Steelcase Education believes that student success includes three elements: gaining knowledge, acquiring practical skills and personal development.
One way to improve these elements is to enhance the space in which students work. Regardless of the grade level, subject matter or class size, today’s best classrooms are designed for participative, active, and engaging learning experiences that help students function at their best – physically, cognitively and emotionally.
Creativity: the basis of innovation
In a world of rapid change and increasing complexity, there is constant pressure to innovate. This is why creativity is now perceived as a skill necessary for student success, and something that 21st-century employers are looking for in their employees. Creative thinking is in demand for students and workers alike. But creativity isn’t just the ability to generate ideas. It’s about collaboration and activity that leads to solutions for real problems. Graduates need a depth of expertise in more than just one or two areas. They also need the ability to apply knowledge from areas other than their own, collaborate across disciplines and approach problems in new ways. Engaging spaces allow students to develop these important skills.
Yet most classrooms today are still arranged in a traditional style with row-by-row seating and stationary furniture which leaves little room for creative growth.
Designing for creativity in education
Like the creative process itself, teaching creativity is non-linear, requires some basic tools and often gets messy. It can also be a whole lot of fun for both teachers and students. At Steelcase Education, our researchers encapsulate it in the three-part process, Think.Make.Share, with learning spaces suited for supporting each activity.
- Think: creativity begins with acquiring knowledge. Students begin their creative process by studying exemplars, acquiring insights and ideas from them, thinking about the information and subtly modifying it.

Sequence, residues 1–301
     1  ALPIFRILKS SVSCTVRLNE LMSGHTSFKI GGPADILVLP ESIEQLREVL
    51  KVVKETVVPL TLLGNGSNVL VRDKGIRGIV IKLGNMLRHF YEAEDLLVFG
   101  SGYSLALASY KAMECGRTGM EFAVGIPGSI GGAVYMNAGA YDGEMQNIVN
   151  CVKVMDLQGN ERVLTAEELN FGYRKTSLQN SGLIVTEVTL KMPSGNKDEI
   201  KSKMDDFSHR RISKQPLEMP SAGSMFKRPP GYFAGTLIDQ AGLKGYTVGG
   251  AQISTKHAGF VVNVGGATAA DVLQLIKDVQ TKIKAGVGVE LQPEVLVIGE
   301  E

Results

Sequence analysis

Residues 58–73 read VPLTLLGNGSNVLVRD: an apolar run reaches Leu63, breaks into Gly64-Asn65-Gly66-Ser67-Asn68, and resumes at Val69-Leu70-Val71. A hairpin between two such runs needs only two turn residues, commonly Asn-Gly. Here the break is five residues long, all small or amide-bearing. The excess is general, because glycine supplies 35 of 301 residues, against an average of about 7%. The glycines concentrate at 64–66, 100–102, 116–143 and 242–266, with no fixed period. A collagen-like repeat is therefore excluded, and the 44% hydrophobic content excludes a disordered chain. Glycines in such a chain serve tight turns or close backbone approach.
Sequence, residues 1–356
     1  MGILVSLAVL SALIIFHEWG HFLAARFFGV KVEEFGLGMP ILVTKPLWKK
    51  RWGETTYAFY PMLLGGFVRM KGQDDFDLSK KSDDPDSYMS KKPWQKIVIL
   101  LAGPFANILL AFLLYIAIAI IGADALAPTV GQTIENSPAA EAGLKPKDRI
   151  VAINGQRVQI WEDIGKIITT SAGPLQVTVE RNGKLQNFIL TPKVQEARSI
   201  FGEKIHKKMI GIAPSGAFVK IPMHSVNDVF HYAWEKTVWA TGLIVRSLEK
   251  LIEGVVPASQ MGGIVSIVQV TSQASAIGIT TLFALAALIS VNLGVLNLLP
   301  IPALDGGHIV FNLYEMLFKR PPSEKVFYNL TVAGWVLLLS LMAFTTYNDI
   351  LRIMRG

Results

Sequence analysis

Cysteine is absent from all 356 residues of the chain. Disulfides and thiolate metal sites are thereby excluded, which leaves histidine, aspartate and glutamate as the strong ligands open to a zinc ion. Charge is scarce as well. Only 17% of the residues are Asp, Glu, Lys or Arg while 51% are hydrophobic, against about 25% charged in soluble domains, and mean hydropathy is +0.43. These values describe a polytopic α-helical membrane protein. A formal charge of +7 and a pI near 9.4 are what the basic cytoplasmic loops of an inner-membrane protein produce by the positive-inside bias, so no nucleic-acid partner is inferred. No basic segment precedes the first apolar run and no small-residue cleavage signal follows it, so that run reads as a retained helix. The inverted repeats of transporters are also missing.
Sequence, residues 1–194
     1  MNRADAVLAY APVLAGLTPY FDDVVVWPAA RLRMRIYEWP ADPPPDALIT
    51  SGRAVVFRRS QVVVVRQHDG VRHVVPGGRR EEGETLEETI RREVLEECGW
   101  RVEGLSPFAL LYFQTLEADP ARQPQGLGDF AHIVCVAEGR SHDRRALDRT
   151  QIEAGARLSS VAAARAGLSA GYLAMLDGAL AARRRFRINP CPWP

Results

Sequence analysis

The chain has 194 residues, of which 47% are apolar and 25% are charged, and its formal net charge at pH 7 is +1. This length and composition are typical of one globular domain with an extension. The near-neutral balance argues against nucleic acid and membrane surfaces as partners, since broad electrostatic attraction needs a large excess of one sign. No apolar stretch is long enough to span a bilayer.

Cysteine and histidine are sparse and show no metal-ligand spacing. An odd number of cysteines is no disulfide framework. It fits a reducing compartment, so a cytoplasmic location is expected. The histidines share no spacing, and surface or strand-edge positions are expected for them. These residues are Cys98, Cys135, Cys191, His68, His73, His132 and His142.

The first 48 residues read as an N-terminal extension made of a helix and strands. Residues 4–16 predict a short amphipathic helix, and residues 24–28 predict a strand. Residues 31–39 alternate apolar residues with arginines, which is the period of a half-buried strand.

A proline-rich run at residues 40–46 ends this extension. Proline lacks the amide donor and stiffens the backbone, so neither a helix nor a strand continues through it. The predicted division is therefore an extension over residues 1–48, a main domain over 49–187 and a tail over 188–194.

- Make: makerspaces offer spaces that encourage students to try out ideas, gain practical experience or simply make a mess to spark new ideas.
- Share: Sharing information, seeking opinions, collecting and providing feedback are integral elements of the creative process.
When designing an environment for creativity, start with these overall considerations:
- Define the goals for the space – environments like makerspaces are trending but creativity is more than building models and prototypes. Thinking about and sharing creative ideas is equally important.
- Make it inspiring – prime the brain for creativity through ambient stimuli: colour, light, views of nature, etc.
- Design for the process – allow for flexibility in the space and adjacencies between different zones which support each part of the process.
Creativity and engagement are part of positive student experiences but ultimately student success comes when the wellbeing of a student – their cognitive, physical and emotional needs – are considered. This holistic approach recognises that ‘success’ lies beyond just academics.
Recognising the interdependency of pedagogy, technology and the spatial environment for successful active learning, in 2013 CATS Cambridge began planning for a brand-new, state-of-the-art facility. Their overarching intent was to create an inspiring and innovative learning environment that would spur each student’s success.
About Steelcase Education
As lifelong learners, Steelcase Education aims to make a difference in education. For students, educators and designers, we work to create the most effective, rewarding and inspiring learning spaces. As a dedicated group within Steelcase exclusively focused on education, we bring evidence-based design, technology and innovative solutions to education environments, wherever learning happens. Steelcase are exhibiting at the Higher Education Show on 11th October. Find them on Stand 224 if you have any questions.